Sunday, 12 July 2015

Two interesting female gomphids from the Nam Bung area.

Saturday July 11 I caught a small female gomphid near Nam Bung. I had never seen it before and studying it in hand revealed a very neat "horn" on the occipital ridge. Now, female gomphids very often have horns on their heads, but the shape of this one, like the tail of a diving whale ("fluking") is extra-ordinary. This pointed me to the genus Sinogomphus. This is, at least for me, really exciting. Last year in early May I had caught Sinogomphus leptocercus in the same general area, but thereafter the species remained elusive, in spite of several searches. I have no description of the female of this species, so I have to exercise some caution here. Nevertheless it is not very likely at all that there is another Sinogomphus species in the area (there are no Sinogomphus species known from Vietnam). So this should be the female of S. leptocercus!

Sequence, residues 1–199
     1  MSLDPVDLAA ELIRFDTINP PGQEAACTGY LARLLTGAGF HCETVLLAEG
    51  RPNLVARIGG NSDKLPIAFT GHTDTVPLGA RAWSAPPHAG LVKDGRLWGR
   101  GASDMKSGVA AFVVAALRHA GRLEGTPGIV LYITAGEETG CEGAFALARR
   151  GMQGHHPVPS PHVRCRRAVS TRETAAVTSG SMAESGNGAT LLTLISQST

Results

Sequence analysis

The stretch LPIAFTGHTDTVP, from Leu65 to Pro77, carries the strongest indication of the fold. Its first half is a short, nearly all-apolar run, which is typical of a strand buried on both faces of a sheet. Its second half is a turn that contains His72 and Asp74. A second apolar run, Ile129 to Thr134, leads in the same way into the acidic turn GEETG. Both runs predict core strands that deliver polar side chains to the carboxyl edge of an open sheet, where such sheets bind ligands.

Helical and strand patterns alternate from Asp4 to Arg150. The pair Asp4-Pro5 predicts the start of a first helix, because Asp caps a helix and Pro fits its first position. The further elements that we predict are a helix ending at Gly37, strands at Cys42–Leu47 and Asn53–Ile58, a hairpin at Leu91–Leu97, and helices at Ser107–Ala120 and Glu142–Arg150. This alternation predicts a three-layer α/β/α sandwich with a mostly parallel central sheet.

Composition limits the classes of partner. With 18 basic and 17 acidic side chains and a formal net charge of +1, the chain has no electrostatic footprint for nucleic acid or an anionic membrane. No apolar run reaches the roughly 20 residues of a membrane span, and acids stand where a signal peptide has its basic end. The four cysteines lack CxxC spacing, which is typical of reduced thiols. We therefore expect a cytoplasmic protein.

Another female I caught is Leptogomphus divaricatus. This is not at all a rare species, being probably the commonest species in the north of the genus after L. perforatus. But I have not often seen the female and failed so far to take pictures of its distinctive divaricate horns. Glad to put that right!

First the female of Leptogomphus divaricatus, typical as Leptogomphids go.

But they can often be told apart by the horns on the occipital ridge. L. divaricatus has two that bend outward in opposite directions.

But look at this! Is this remarkable or what? Female Sinogomphus leptocercus. As if mommy bound her baby's hair together into a little palm tree.

Dorsal pattern fits several Sinogomphus species and of course also S. leptocercus.

The whole specimen in lateral view. The lateral pattern of the thorax is a little different from the male (see that entry), but otherwise patterning is similar.

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